What is Community Asset Transfer?
Local authorities are empowered to transfer the ownership of land and buildings to communities for less than their market value. This is known as ‘discounted asset transfer’ or ‘asset transfer’. This shift in ownership of land and buildings from public bodies to communities is Localism in action, giving greater powers to:
- community and voluntary sector organisations
- community and social enterprises
- individuals looking to form a not-for-private-profit group to benefit their neighbourhood
Community asset transfer can help deliver a variety of benefits but, in short, it is a key way in which local authorities can support the development of a strong and vibrant civil society through improvements to an organisation’s sustainability. Read our guide to Understanding Community Asset Transfer to get started, find out more about grants and contact us through the advice service.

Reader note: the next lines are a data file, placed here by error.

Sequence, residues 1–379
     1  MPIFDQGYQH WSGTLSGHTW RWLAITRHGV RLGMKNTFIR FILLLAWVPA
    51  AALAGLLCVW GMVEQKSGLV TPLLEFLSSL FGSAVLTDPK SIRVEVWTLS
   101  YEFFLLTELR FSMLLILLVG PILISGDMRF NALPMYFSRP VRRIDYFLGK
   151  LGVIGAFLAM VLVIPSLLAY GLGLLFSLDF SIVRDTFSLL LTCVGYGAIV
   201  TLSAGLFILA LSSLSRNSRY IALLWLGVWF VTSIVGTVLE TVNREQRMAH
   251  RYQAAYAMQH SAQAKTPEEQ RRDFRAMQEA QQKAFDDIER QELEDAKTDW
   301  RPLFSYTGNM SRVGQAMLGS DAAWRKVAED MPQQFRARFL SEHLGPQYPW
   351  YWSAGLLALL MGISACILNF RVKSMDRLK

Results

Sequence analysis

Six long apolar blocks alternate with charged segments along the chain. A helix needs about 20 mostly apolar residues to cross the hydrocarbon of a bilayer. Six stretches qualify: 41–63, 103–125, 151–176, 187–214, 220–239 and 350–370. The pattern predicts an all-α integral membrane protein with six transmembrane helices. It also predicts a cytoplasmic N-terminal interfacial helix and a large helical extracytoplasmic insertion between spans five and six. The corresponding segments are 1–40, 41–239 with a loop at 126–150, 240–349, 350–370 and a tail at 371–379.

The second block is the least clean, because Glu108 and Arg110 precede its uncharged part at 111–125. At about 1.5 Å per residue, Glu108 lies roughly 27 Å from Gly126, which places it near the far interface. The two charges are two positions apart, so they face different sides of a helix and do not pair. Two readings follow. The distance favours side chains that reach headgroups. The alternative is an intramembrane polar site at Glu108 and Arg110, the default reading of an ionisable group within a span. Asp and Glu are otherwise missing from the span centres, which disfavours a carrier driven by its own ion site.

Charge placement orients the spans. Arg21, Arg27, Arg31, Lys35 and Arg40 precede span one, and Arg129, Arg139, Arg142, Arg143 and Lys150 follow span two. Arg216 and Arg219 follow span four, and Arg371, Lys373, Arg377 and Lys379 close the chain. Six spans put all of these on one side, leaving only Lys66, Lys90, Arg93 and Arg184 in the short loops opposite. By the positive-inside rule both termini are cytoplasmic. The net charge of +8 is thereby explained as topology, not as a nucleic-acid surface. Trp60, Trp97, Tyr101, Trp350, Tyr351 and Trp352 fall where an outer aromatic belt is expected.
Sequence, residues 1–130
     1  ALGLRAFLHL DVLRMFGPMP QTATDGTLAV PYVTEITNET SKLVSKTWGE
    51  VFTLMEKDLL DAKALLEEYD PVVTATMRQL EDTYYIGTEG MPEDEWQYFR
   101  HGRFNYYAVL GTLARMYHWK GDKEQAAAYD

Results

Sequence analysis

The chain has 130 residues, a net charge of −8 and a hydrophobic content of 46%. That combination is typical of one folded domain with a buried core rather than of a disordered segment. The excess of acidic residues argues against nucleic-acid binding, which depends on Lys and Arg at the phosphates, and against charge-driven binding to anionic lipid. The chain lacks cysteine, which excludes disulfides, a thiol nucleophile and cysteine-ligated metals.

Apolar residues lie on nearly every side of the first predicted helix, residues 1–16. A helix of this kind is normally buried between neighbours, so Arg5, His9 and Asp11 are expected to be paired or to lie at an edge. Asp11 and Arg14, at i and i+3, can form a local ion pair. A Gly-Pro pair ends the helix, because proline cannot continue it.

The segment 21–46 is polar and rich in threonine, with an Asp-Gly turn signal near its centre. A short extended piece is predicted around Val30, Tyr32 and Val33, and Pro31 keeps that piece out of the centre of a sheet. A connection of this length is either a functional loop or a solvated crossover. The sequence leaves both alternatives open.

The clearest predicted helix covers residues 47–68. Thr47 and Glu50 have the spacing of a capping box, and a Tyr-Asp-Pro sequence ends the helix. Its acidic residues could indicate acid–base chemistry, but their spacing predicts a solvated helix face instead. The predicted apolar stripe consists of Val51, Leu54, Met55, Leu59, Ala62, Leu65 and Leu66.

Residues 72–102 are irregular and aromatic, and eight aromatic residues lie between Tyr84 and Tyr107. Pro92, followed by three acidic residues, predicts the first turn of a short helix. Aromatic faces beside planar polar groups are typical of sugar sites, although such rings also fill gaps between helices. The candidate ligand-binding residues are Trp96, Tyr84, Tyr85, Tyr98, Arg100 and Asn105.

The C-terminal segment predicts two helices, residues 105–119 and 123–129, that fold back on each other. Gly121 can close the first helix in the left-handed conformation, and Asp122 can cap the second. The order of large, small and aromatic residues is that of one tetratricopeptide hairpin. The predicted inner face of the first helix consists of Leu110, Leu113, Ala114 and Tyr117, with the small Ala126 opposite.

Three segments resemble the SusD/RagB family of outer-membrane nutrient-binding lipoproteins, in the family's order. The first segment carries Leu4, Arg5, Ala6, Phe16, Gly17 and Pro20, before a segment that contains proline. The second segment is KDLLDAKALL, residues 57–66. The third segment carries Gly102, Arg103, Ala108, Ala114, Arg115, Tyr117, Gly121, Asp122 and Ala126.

History of community ownership
The community ownership and management of assets has a history going back hundreds of years, with land and buildings promising security, wealth creation and independence. A detailed history can be downloaded from Locality’s website. However, it is only in recent years that the momentum behind community asset transfer has gathered pace.
Support and advice
Find inspiring stories in the case studies section of the website. A £16m grants programme made available by DCLG through The Social Investment Business supports the community ownership and management of assets. Still have questions? We can give advice and discuss grants to support you on the journey from identifying an asset, building a business case to getting help from property professionals. Capital grants are also available for the purchase of assets. And to find out more about raising finance for your enterprise contact the Community Shares Unit
Funded by the Department for Communities and Local Government, in association with partners The Social Investment Business and Local Government Association:
Supported by delivery specialists: The Plunkett Foundation, ACRE, Community Matters, Urban Forum and Anthony Collins solicitors.